There are quite a few things that make training in the martial arts daunting and even scary.

There are plenty of challenges. Physical and mental. Violence and aggression are things often tied to martial arts, not without some truth, but often without real knowledge of what true martial arts is. In any physical activity there is a chance of injury. After all at its core Martial Arts are about fighting. A good school will develop technique and conditioning to the point where self-confidence and self-control is developed. Most other problems can always be overcome with training and Spirit.

The real challenges though are generally anchored by one thing, when it comes to martial arts the biggest obstacle is a mental one. Ego. Not the type of ego that struts around vainly with it’s nose in the air and chest thrust out, but the ego that sits at the back of our mind and steers us away from doing or saying things that may make us fail miserably in our minds and feel lesser than other people.

In some ways this is a responsible ego. It prevents us from going to work wearing underpants on the outside of our trousers and stops us from being little mice in the corner and taken advantage of by anyone who preys on the weak or placid. The problem with responsible ego is that sometimes it prevents us from taking risks and chances. It allows us to stay quiet or follow the crowd because it is protecting itself from feeling silly and inferior. It plays it safe. Often too safe.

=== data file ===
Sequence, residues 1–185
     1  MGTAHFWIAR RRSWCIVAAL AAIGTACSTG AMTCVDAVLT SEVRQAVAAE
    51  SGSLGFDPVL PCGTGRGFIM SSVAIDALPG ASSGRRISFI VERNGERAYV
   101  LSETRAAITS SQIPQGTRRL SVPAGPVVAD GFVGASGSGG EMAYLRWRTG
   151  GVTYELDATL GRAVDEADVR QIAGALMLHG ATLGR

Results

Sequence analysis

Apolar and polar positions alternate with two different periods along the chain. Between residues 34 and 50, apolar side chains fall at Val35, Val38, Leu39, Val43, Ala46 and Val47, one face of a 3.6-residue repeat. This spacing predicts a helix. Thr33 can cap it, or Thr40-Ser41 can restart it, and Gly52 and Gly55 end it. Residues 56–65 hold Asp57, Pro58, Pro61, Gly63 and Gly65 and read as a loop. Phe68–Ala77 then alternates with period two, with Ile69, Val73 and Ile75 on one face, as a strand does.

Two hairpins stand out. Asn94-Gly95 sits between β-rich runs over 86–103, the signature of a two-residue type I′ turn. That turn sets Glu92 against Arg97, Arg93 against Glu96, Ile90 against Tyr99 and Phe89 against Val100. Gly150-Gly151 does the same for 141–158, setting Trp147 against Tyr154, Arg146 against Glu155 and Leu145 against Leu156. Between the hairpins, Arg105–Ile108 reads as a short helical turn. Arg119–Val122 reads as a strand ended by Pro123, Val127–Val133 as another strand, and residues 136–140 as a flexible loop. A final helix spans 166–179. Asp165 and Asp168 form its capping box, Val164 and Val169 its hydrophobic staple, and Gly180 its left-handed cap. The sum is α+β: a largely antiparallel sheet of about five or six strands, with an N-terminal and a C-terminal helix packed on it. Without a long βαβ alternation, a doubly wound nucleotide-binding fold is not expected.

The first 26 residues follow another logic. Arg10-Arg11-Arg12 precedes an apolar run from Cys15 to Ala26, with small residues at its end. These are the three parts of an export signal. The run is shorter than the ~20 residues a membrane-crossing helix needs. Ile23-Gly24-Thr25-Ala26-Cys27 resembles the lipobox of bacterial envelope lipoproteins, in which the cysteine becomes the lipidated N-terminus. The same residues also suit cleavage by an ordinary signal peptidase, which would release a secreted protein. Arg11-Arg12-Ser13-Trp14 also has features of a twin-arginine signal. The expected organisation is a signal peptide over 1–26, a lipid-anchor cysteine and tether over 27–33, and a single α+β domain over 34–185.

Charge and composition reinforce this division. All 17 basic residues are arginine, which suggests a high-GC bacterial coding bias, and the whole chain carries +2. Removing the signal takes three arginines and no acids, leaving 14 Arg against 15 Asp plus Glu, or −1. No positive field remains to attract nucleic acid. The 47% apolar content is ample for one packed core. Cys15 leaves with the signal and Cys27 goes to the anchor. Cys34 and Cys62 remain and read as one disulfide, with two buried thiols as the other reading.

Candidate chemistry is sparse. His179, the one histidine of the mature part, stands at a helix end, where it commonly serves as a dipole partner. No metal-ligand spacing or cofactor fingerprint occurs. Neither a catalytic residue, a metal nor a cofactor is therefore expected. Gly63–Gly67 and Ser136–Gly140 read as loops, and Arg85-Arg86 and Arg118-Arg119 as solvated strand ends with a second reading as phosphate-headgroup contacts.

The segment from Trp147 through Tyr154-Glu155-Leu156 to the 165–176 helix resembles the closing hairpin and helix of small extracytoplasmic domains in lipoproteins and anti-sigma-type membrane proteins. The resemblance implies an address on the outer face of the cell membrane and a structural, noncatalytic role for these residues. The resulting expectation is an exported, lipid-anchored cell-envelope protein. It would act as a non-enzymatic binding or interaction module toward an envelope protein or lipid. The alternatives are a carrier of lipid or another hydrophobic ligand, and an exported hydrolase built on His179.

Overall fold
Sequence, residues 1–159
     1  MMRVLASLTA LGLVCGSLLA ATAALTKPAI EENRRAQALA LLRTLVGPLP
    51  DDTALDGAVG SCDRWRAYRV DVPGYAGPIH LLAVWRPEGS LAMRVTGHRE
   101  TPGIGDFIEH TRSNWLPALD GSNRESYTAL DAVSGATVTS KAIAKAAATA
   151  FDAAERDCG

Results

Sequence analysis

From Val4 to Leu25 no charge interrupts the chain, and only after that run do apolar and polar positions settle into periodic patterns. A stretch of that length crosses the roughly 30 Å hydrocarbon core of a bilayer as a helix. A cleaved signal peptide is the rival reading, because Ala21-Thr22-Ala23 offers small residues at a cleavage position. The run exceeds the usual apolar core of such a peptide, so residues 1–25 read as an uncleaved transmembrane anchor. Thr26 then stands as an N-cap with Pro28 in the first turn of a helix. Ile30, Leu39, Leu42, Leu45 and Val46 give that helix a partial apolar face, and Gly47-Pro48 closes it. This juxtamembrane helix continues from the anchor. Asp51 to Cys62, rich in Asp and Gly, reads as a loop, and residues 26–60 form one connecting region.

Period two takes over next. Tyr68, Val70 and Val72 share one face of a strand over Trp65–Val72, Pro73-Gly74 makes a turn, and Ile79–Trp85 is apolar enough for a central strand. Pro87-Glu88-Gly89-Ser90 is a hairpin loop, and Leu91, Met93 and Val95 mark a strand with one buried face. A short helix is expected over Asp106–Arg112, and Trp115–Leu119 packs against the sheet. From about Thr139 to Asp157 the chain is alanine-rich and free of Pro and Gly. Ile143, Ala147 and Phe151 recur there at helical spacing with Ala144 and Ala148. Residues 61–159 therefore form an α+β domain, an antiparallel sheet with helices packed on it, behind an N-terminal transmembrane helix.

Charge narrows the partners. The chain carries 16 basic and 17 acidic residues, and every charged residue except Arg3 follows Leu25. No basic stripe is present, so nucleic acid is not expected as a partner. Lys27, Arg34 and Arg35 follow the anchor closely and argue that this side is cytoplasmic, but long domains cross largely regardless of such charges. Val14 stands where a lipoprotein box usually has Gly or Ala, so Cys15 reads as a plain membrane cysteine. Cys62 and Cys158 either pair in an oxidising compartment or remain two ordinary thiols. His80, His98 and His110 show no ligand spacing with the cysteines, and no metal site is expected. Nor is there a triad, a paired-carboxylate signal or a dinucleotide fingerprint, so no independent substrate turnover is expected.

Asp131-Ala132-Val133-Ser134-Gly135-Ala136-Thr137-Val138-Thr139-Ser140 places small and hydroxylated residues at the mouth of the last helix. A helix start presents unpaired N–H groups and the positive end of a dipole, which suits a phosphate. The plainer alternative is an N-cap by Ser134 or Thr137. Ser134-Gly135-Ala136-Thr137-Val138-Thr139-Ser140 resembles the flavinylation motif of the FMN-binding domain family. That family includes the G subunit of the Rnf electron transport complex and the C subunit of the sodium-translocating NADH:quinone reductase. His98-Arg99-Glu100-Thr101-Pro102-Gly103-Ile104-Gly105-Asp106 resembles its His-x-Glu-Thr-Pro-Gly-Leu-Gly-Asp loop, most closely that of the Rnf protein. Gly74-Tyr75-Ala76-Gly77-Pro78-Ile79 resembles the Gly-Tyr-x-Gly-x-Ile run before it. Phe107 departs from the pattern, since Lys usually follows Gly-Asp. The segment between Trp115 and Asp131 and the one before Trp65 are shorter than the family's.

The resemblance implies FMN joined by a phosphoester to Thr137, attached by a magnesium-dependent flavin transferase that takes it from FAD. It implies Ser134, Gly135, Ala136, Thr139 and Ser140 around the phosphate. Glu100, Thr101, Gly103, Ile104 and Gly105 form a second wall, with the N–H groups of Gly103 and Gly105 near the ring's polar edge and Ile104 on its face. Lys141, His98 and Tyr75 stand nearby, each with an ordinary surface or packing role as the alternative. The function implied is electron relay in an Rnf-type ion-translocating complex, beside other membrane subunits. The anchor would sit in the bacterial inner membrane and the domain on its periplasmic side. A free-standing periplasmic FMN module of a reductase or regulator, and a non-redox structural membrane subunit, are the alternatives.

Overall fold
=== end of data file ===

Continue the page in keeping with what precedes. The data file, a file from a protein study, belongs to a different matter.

At times I’ve bumped into students or class mates in the street who haven’t trained for a while and the conversation naturally turns to when they are coming back to training. More often than not the answer is something like “I plan on coming back but just want to get a bit fitter first.” Or ”Yeah I’m coming back but need to lose some weight.” Very similar to tidying up your house before the cleaner comes. Sure, you may feel terrible after having time off and you might not be able to do everything in the class, but you are training and it doesn’t matter how bad you look or feel because you are one step better off than you were before you recommenced training. No one is expecting anything from you it is your own expectations and ego that are driving these thoughts.

The same goes for beginners first entering a martial arts school. Understandably it’s a daunting prospect. Am I fit enough? Will I get bashed? What if I look silly? If you have had experience in another martial art there is an even bigger chance of ego popping up as your expectations are even higher. How will I stand up to their students? Will I be good enough?

The higher the expectations the worse the fall.

Again, nobody at a good Martial arts school will have expectations of how you perform or how good you are. The only expectations an instructor would have of you is to have an honest respect for the school and its systems and to act accordingly.

There is a sign at the front of our dojo that reads “Welcome to our Dojo. Please remove all shoes and egos before coming on the mats.” The key word here is “All”.

True martial arts is abandoning all ego because so many personal barriers come up when that ego becomes unchecked. With barriers there are less opportunities to learn all the lessons presented, not only in the dojo but in life too.

We will reach a certain obstacle in our training or even not start at all simply for fear of failing. In truth by “not doing” your mind has already beaten your spirit. You’ve already failed yourself.

Take that step. Abandon the ego.

“Our fears don’t stop death, they stop life”. Rickson Gracie

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